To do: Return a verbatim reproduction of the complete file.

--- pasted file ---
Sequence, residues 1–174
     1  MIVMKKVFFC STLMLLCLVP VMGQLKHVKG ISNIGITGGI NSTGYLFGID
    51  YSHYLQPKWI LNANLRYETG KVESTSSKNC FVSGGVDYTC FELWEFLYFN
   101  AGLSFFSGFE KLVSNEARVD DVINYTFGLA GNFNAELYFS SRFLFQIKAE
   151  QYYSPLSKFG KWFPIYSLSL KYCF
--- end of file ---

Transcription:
Sequence, residues 1–174
     1  MIVMKKVFFC STLMLLCLVP VMGQLKHVKG ISNIGITGGI NSTGYLFGID
    51  YSHYLQPKWI LNANLRYETG KVESTSSKNC FVSGGVDYTC FELWEFLYFN
   101  AGLSFFSGFE KLVSNEARVD DVINYTFGLA GNFNAELYFS SRFLFQIKAE
   151  QYYSPLSKFG KWFPIYSLSL KYCF